As a BeUpstanding champion, you will be leading your organisation in forming healthier habits and creating a dynamic workplace culture; but it’s no secret that taking on new leadership roles like this one can be daunting, especially if you feel as though you don’t fit the bill. Recent research suggests that just having self-doubt about your successes and leadership abilities may in turn stifle them. Findings from a study on the consequences of imposter feelings and self-doubt showed that they negatively impacted students’ ability to career plan and strive, and decreased motivation to lead in a professional working environment.
Previous and more traditional psychology theories of leadership might perpetuate these imposter feelings by focusing on the “innate” qualities that all great leaders have, or a prescribed reward and punishment system that all great leaders use. For example, the Great Man theory of leadership is the idea that “leaders are born and not made”, possessing inherited qualities which make them better suited to lead (i.e. confidence or assertiveness). Transactional leadership theory, on the other hand, asserts that great leadership is determined by one’s ability to set expectations and enforce them with the effective use of rewards and punishments.
These theories are problematic in the sense that they focus on leaders as individuals, and attribute the outcomes of the groups they lead to their leadership: a group success is because of great leadership, and a group failure is because of them being led astray. In effect, traditional theories of leadership make being a great leader seem unattainable, especially to those already not sure about their capacity to lead.
The good news is recent theory suggests that you don’t have to be a “natural born leader” to be the best champion for your workplace. These leadership ideas instead shift their focus towards group processes; more specifically, how leaders and the groups they lead work together for success. One such theory is transformational leadership, which abandons micromanaging and constant monitoring, and instead proposes that the most effective leadership involves inspiring and encouraging others to work towards a group goal. Transformational leadership also emphasises the need to create an environment culture that is in line with your goals.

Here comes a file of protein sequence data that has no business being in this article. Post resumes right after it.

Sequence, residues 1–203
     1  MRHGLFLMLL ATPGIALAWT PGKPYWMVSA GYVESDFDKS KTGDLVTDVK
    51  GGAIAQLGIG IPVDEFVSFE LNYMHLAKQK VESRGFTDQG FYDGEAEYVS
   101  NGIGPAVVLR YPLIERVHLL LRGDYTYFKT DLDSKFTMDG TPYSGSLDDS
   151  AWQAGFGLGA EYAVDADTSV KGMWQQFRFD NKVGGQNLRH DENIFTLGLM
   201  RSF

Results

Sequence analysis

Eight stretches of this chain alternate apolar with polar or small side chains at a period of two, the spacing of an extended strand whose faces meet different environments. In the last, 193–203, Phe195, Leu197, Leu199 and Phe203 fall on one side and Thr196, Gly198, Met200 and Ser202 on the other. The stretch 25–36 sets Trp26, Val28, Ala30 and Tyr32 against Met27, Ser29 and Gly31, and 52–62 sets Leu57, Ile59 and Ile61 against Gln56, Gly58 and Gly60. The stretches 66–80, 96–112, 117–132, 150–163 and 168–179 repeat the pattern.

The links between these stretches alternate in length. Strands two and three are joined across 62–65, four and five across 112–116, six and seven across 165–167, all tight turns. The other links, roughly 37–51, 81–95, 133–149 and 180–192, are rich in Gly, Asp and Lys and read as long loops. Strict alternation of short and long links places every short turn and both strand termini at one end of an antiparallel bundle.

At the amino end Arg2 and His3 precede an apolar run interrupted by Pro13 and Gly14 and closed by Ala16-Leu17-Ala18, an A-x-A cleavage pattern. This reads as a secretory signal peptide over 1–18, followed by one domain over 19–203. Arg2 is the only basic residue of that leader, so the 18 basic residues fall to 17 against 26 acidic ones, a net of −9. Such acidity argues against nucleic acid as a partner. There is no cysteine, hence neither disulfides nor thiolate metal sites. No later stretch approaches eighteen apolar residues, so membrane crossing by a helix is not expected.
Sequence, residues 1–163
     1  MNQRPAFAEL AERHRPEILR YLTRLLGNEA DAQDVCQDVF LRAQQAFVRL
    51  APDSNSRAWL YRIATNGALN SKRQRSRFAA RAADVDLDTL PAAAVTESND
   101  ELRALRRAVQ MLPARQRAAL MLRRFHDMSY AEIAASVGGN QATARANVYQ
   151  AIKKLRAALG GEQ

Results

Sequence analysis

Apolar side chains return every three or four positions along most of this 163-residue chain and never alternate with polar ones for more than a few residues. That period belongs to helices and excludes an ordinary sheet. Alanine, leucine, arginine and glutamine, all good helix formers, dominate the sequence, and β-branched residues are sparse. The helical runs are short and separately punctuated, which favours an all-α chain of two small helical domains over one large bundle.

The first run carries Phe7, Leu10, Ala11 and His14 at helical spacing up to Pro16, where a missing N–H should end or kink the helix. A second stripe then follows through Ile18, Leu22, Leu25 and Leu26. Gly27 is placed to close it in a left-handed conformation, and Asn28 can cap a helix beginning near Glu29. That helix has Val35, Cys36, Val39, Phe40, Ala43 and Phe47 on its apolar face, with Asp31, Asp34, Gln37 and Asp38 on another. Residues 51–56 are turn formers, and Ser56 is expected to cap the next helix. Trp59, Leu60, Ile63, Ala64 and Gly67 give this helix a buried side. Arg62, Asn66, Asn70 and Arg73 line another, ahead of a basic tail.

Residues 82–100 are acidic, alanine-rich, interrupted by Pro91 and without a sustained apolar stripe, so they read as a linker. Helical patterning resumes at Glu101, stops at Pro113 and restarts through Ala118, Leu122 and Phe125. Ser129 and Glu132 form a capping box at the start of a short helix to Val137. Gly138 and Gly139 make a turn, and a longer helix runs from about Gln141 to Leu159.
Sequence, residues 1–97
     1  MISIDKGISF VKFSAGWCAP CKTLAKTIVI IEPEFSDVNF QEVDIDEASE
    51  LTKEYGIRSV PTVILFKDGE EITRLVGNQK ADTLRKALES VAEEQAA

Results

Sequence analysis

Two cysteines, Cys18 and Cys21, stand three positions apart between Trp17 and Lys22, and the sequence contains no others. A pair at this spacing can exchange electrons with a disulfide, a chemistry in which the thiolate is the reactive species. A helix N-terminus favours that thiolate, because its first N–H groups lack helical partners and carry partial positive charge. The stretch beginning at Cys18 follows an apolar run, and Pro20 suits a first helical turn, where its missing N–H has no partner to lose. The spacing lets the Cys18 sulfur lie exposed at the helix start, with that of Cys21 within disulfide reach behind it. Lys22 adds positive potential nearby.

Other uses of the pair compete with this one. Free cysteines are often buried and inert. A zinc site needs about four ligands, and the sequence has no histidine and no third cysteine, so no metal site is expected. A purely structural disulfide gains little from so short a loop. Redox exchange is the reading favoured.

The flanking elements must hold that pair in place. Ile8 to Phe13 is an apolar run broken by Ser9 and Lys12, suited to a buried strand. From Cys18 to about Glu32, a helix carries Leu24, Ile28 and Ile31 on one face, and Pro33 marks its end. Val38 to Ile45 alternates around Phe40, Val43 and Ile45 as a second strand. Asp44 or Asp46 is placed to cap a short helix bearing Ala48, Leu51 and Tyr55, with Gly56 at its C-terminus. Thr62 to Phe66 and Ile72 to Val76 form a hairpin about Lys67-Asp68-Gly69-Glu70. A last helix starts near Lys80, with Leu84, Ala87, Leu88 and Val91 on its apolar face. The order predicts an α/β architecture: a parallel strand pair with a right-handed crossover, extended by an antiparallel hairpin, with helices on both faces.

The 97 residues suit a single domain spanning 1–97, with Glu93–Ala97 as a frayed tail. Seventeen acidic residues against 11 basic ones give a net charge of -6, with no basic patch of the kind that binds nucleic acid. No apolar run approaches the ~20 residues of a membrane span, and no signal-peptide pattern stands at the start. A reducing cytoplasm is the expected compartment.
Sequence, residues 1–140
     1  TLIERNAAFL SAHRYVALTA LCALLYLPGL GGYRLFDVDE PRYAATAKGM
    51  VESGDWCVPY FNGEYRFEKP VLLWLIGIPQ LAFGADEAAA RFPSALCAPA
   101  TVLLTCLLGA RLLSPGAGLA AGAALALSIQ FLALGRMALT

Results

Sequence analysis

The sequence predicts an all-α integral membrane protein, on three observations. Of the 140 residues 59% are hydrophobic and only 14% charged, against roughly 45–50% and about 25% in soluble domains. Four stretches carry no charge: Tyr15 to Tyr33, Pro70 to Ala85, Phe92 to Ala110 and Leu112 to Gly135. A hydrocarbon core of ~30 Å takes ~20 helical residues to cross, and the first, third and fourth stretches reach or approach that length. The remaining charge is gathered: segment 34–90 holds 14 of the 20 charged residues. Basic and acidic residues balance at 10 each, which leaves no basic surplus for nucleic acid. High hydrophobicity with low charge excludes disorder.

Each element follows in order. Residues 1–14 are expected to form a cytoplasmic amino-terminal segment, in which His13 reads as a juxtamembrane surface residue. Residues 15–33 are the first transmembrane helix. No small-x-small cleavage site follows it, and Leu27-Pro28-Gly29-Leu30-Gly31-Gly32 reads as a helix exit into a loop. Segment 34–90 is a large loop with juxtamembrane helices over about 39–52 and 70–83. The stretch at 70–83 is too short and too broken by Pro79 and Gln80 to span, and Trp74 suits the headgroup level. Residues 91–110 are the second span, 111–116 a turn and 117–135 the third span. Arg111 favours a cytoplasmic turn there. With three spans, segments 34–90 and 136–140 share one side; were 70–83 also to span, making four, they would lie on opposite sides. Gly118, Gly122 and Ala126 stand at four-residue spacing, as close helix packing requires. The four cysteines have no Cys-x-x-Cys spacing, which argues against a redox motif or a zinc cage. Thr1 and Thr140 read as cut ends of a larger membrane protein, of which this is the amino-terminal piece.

An extension of this model of leadership stems from social-identity theory. Social-identity theory sees leaders as “managers of group identity”, where people are motivated by a desire for group membership, belonging and social identity. A salient social identity, in theory, motivates the according congruent behaviours (for example, identifying as a valuable employee increases your likelihood to act in a way that benefits your workplace, or identifying as a healthy person increases your likelihood of maintaining healthy habits). From this perspective, leaders are most effective when they:
- Are representative of the group: when group members can identify with a leader, they are more likely to accept their leadership and see it as an advocacy rather than a false representation.
- Champion group interests: group members are more likely to follow leaders who they believe act in their best interest
- Can shape the group’s identity: leaders promote an identity that is prototypical or idealistic of the group
- Manipulate their perceived social reality from within the group: leaders create structure (goals, activities, practices) that embed identity (i.e. embedding healthy habits in your workplace identity)
According to social identity theory, a BeUpstanding champion represents and embodies their organisation, and wants to act in their best interest. Most importantly, they know how beneficial an active workplace is, and work with their colleagues to create an active workplace culture together. The BeUpstanding toolkit is a great place to start building a workplace identity which emphasises wellbeing, making it easier to stick to your goals.
At the very least, understanding leadership theory from this wide array of psychological perspectives can help you on your journey to becoming the best BeUpstanding champion you can be for your workplace. Specifically, by viewing your potential role as a BeUpstanding champion as an important part of a larger group process, and remembering that great leadership is for anyone- not just “Great Men”.
This blog post was written by Millicent Seeto while she was on placement with the BeUpstanding team at the University of Queensland.